16 Then the eleven disciples left for Galilee, going to the mountain where Jesus had told them to go. 17 When they saw him, they worshiped him—but some of them doubted!

18 Jesus came and told his disciples, “I have been given all authority in heaven and on earth. 19 Therefore, go and make disciples of all the nations,[b] baptizing them in the name of the Father and the Son and the Holy Spirit. 20 Teach these new disciples to obey all the commands I have given you. And be sure of this: I am with you always, even to the end of the age.”

The earliest Christians quickly had to adapt to the change they had witnessed. The work started and the ‘fad’ of Christianity became a solid faith system that has transformed the world.

The earliest Christians had to face persecution, to demonstrate God’s new covenant: Love one another. The crucifixion could not shut down the simplicity of living the Christian lifestyle. The results were fruitful and the ‘fad’ was no longer just the latest crazy idea.

The love that is defined in today’s scripture from 1 John 4 and even included in the gospel of John so dramatically changed the faith practices that it made a difference to every culture. Loving one another supersedes all other laws. It is adaptable to all cultures. It can be flexible and it can tackle enormous disasters or the smallest of paper cuts.

These qualities have caused the earliest Christians to spread the word about how much God loves us, and how that love is demonstrated in all the different ways we love one another. Christianity has never been a fad, and the adaptability has made it grow exponentially around the earth.

Today, we are locked into a routine that has boxed us in as Christians much less as a Christian community.   The small rural churches are struggling to meet the ever-changing culture around them. Are we able to adapt God’s law to the daily world in which we live today?

Are we able to be honest about the changes in the community? Are we able to identify the needs within the community? Are we clear about what the church is doing or can do or should be doing to demonstrate love in action? Are we able to share the story in ways that all neighbors young and old can understand?

The scripture in 1 John 4 is very clear:

  • 7“Dear friends, let us continue to love one another; for love comes from God.
  • 10This is real love—not that we loved God, but that he loved us and sent his Son as a sacrifice to take away our sins.
  • 12God lives in us, and his love is brought to full expression in us. 13And God has given us his spirit as proof that we live in him and he in us.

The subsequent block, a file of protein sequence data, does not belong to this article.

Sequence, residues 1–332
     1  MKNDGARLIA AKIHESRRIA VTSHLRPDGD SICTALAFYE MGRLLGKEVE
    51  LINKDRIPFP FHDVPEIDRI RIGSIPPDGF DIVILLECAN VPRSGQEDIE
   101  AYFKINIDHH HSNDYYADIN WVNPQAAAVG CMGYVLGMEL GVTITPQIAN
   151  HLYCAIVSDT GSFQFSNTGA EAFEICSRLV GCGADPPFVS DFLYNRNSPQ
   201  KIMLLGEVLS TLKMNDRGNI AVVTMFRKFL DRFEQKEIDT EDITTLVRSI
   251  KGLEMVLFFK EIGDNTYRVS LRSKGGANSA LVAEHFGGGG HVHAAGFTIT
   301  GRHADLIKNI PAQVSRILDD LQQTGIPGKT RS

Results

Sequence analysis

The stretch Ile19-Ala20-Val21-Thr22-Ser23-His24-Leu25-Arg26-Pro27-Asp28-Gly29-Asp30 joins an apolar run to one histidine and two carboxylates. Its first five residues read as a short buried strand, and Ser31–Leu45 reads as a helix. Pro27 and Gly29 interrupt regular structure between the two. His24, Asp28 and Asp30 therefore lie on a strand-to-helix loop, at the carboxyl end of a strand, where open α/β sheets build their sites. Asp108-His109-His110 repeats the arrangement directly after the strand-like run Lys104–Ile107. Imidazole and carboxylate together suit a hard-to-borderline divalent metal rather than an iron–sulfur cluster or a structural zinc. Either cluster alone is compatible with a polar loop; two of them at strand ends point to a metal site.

• 16We know how much God loves us, and we have put our trust in his love.

This is the foundation for the Christian faith. No matter what rules or organizational structure is placed upon a church or a denomination, God’s gift of love as demonstrated through the life and death and resurrection of his son. Are we satisfied to leave the story just like that or are we going to do whatever we can to share the story but maybe more importantly show God’s love?

The scripture from 1 John 4 continues with a few more clear directives:

  • 19We love each other because he loved us first.
  • 20 . . . if we don’t love people we can see, how can we love God, whom we cannot see?

The truth about what we are doing can be painful and it can make us feel as though we are guilty of not fulfilling our promise to God. Christianity was no fad, and the thousands of years since the crucifixion the church has continued to adapt to the cultural changes.

Regrettably, I am afraid that many of the suggested changes for today’s churches are being ignored as though they are just a fad. We must evaluate what the church is doing, what it represents, and then design the best practices the church can do to keep Christianity meeting the needs of the community right now in 2015 and into the future, not the past.

As May scurries past us, we need to equip ourselves for making disciples of Christ. Can this church adapt to the culture around it in order to share God’s love?

The gospel of John 15 explains the proper way to prune a grapevine in order to provide the best fruit. We have heard that message year after year, but are we being honest about how strong our vine is here? That fourth verse spells it out:

Remain in me, and I will remain in you. For a branch cannot produce fruit if it is severed from the vine, and you cannot be fruitful unless you remain in me.

The needs of the community provides for the direction of the church’s ministry. The outreach of the church is our personal responsibility. This month is one to evaluate and to plan for a new year. We must remember the eighth verse, too: When you produce much fruit, you are my true disciples. This brings great glory to my Father.

We are tasked to make disciples of Christ for the transformation of the world and we know this world has many needs. The Christian faith was no fad, but it takes adaptability in order to continue the work God assigned to each and every one of us.

Closing prayer

Dear Loving Father,

Thank you for the gift of your son

And even the meaningful ritual of communion.

At these times, may we reflect that love

Right here in our community

So others may come to know your love, too.

Guide us in looking for ways to share the word.

Guide us in working together to help others.

Guide us in the decisions as to what is best

For the community and for the church

As we work to adapt in ways to share your love.

May all that we do show others the love

That transpires all struggles in our lives. –Amen